The drive for sustainable stadiums has been shaping the build-up to the 2014 FIFA World Cup Brazil™. It is this environmental concern, which is also coming increasingly to the fore in other countries, that caught the eye of the organisers of the 2012 Olympic Games in London.

Discussions begun on Monday 20 June between the English and Brazilian organisers of the respective tournaments, with a view to agreeing a partnership in the field of sustainability. The beneficiary of this agreement is likely to be the Estadio Nacional in Brasilia.

The meeting between Agnelo Queiroz, the Governor of the Federal District where the capital Brasilia is located, UK Ambassador Alan Charlton and the London Olympic Games' Head of Sustainable Development and Regeneration Dan Epstein was intended to seek a partnership between Brasilia and the 2012 Olympic Committee. The aim was to define an ecologically friendly construction model, which is already being applied to the construction work being carried out on the Estadio Nacional.

In this way, the Brazilian executives can learn from the experience their English counterparts gained when building new stadiums for the Games – thus helping both events to become benchmarks for environmental sustainability. “In London we have the chance to pass on our experiences, and I’m hopeful that our cooperation will lead to very positive results,” said Ambassador Charlton.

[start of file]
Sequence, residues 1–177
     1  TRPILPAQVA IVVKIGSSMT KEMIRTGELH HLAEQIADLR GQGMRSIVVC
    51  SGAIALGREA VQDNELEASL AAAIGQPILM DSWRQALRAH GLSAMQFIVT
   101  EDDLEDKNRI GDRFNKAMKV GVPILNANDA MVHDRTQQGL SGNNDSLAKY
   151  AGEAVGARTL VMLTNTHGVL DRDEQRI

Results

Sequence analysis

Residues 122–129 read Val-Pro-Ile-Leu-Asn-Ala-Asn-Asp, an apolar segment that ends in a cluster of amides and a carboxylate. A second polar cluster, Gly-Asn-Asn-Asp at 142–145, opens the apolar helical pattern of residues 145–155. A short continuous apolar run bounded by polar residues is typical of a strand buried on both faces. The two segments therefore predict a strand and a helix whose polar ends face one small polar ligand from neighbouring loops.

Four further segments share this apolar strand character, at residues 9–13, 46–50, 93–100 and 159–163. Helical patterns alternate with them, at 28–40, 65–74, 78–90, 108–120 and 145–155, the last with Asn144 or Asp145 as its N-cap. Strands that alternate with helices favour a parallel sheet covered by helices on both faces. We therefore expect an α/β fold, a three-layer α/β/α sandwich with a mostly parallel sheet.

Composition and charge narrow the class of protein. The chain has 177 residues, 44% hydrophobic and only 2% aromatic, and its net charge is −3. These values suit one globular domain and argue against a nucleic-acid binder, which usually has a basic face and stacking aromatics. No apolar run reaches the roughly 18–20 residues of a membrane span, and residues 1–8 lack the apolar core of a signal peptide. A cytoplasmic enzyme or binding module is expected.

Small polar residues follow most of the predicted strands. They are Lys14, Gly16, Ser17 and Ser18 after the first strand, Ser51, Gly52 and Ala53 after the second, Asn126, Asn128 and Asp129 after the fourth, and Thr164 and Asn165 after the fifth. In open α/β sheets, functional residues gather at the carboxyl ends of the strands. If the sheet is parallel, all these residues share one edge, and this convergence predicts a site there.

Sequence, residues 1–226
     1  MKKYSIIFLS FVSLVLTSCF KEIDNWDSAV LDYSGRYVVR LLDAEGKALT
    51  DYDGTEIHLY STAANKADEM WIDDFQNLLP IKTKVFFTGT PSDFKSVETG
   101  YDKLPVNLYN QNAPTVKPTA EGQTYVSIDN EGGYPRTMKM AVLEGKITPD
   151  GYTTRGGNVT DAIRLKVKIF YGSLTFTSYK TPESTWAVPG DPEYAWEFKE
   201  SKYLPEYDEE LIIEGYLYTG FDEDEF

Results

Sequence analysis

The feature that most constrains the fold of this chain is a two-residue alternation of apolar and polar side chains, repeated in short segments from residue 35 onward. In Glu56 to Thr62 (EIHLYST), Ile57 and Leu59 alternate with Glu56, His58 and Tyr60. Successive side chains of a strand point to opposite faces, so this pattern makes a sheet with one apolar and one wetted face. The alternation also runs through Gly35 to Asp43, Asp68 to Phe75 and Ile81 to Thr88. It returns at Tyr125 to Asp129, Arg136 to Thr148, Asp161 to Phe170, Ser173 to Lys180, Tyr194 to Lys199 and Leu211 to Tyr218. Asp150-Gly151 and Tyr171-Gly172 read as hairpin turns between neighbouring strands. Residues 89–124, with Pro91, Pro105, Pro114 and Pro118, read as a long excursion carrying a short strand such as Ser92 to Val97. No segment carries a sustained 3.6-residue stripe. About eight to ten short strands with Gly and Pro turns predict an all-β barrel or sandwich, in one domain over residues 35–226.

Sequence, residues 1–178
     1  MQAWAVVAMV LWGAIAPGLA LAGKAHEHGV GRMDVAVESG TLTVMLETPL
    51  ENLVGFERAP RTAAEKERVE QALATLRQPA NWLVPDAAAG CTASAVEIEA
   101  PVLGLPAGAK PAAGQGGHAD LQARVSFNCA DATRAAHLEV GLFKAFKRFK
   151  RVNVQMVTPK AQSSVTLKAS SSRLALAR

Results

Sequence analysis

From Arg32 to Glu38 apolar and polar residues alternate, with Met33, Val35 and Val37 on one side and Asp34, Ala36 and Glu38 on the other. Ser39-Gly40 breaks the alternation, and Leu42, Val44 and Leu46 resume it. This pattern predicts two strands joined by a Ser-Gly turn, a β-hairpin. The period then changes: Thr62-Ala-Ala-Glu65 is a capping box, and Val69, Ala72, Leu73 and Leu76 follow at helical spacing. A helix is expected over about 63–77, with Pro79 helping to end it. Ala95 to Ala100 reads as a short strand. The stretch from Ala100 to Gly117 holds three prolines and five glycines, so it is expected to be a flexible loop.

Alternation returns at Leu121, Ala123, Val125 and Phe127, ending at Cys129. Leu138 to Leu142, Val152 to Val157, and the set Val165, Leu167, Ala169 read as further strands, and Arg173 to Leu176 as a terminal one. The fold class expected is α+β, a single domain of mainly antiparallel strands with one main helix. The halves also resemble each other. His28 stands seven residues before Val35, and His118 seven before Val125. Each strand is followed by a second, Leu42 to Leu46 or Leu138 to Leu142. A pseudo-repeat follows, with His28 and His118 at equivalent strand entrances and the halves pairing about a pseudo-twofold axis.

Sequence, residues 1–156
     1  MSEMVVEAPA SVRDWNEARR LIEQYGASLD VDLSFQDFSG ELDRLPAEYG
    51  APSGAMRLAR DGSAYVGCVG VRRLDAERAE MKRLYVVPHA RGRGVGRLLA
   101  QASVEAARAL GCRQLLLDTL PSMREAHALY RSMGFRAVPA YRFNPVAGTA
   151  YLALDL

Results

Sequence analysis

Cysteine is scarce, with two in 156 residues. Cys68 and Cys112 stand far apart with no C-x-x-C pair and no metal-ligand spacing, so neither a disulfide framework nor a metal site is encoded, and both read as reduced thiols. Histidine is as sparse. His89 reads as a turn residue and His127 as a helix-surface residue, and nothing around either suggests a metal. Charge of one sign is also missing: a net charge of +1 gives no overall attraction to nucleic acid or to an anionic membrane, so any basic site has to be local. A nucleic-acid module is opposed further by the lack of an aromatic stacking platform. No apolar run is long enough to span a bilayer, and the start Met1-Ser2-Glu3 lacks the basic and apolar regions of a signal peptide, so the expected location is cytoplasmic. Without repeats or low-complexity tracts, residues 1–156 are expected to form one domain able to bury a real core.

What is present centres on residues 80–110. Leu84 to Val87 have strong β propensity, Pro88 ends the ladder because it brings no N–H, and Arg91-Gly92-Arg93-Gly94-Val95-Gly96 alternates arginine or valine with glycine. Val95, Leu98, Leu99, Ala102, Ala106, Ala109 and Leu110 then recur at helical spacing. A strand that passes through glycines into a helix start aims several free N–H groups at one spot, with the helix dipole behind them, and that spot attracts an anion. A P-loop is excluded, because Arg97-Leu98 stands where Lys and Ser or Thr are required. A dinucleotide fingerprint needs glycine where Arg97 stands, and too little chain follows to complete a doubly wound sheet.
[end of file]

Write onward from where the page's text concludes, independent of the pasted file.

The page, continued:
Epstein, who also bears responsibility for the planning of London’s Olympic Park, explained how the English capital developed and implemented their sustainability strategy for the Games. “The most important thing is to plan very clearly how you’re going to carry out the construction work and what exactly you wish to achieve in terms of sustainability. That way you can turn your initial objectives into realistic targets.”

Brasilia’s Estadio Nacional is aiming to be awarded the internationally recognised LEED (Leadership in Energy and Environmental Design) Platinum rating for sustainability. According to one of the figures behind the project, architect Vicente de Castro Mello, the new arena will receive 87 per cent of the points available on the ratings scale.

“We want the 2014 FIFA World Cup to be known as the Sustainability Games, with special emphasis on the role of the country’s capital as a global benchmark,” concluded Governor Queiroz.